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The 2009 The Australian/Vogel Literary Award winner

We are very happy to announce that in 2009 the award has been won by two writers:

Utopian Man, by Lisa Lang


Night Street, by Kristel Thornell

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Also shortlisted in 2009 were:

The Burial by Courtney Collins
The Book of Lilith by Nathan Markham
Squire Nation by Jeremy Ohlback

2009 Winners

'UTOPIAN MAN' by Lisa Lang

In the 1880s, when Marvellous Melbourne was full of colourful identities, Edward William Cole was both legendary and mysterious. He was the colourful proprietor of Cole's Book Arcade - a multi-storey book arcade full of animals and fun park antics in the heart of Melbourne - and the creator of Cole's Funny Picture Books. Melburnians adored him; they could read all day in his Arcade and never be pushed to buy. But others were scandalised by his advertisement for a wife on the front page of the Herald and outraged when he campaigned against the White Australia Policy.  Determined and eccentric, Edward ignored them all and went his own way.  He was a collector of interests and causes, and they all ended up in his Arcade: a giant squid, a brass band, pet moneys, a black man whose skin had turned white, and a Chinese Tea Salon. He turned his passions into business, and his business thrived. But he was hit hard by the 1890's depression and the death of one of his children; grief, corruption and an unscrupulous widow all threatened to derail his singular vision. But it was not until he visited Chinatown one night - and his own deeply suppressed past - that the idealist faced his toughest challenge of all.

Judges' comments

'Impressive, vivid and enjoyable.' Cate Kennedy 'Seductive, clear and evocative ... generous and full of wonders, just like the arcade itself.' Matt Rubinstein

Read an extract from the manuscript of Utopian Man

About Lisa Lang

Lisa Lang is a Melbourne writer. She is the author of the non-fiction title E.W.Cole: Chasing the Rainbow, and was selected in 2007 for the Australian Society of Authors’ mentorship program. She likes to write wearing a crocheted green poncho.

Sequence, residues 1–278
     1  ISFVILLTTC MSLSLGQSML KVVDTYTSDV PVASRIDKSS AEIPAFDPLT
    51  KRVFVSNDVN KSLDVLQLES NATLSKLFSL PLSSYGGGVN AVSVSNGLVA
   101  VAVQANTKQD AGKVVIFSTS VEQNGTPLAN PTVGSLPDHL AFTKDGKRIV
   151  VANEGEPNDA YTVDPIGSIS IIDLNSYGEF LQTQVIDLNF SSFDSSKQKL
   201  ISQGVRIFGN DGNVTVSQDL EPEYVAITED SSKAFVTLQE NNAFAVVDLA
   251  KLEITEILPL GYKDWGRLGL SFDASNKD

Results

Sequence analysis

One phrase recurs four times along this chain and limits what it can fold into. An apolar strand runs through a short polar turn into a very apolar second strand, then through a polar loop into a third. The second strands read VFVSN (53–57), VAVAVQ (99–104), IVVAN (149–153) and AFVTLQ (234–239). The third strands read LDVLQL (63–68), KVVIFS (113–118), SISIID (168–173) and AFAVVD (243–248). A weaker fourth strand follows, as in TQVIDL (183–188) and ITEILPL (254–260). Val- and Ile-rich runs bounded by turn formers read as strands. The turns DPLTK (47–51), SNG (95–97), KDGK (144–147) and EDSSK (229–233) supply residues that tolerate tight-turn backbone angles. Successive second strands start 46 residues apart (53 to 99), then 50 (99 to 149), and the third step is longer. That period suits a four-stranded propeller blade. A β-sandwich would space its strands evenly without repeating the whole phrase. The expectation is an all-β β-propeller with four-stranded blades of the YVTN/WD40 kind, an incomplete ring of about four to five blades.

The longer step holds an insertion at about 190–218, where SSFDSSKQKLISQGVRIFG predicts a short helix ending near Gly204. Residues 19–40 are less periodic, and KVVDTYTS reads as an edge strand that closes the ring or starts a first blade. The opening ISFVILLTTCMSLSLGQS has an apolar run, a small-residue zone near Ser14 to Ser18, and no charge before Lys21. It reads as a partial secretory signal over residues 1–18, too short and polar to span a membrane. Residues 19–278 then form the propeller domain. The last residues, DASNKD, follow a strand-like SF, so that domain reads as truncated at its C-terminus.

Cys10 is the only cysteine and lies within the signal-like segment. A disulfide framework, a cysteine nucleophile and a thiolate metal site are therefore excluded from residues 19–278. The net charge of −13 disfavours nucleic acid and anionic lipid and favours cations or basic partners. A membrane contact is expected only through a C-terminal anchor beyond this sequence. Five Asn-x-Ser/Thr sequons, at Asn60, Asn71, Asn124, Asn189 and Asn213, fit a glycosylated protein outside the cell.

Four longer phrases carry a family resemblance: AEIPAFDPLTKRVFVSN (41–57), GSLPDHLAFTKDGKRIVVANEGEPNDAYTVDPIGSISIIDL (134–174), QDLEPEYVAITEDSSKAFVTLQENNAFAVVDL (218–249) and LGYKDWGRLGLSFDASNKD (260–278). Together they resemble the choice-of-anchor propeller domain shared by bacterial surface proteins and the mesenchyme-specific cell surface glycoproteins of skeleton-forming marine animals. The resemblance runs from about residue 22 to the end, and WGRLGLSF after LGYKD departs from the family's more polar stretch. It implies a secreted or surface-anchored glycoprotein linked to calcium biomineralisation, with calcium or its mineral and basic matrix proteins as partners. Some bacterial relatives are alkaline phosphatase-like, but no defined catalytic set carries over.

Lisa writes: "When I first heard about Cole’s Book Arcade I was astonished: a multi-storey book arcade full of animals and fun park antics in the heart of Melbourne.  And the man behind it was just as surprising, an eccentric humanitarian with a genius for promotion called Edward Cole. I could not believe it; I had lived my whole life in Melbourne and never heard of either of them. I had grown up on stories of criminal folk heroes and sporting legends - that was history, as I knew it. The Cole story radically altered my concept of the city and its past. Suddenly I saw a history full of colour and diversity: Turkish bathhouses, Chinese immigrants, séances, opium dens, entrepreneurs, conmen and grand idealists. And I wanted to bring it all to life on the page."

'NIGHT STREET' by Kristel Thornell

Based on the life of Melbourne artist Clarice Beckett (1887-1935), Night Street tells the story of Clarice, a prolific landscape painter working in the city and suburbs of Melbourne in the early decades of the twentieth century. Her highly atmospheric, enigmatic landscapes find little favour with the critics who disparage her style and subjects. But despite an indifferent art world and a seemingly confined existence as a spinster daughter in the parental home, Clarice leads an intense and sensual private life and has an extraordinary talent for making simple city and seascapes haunting and mysteriously revelatory.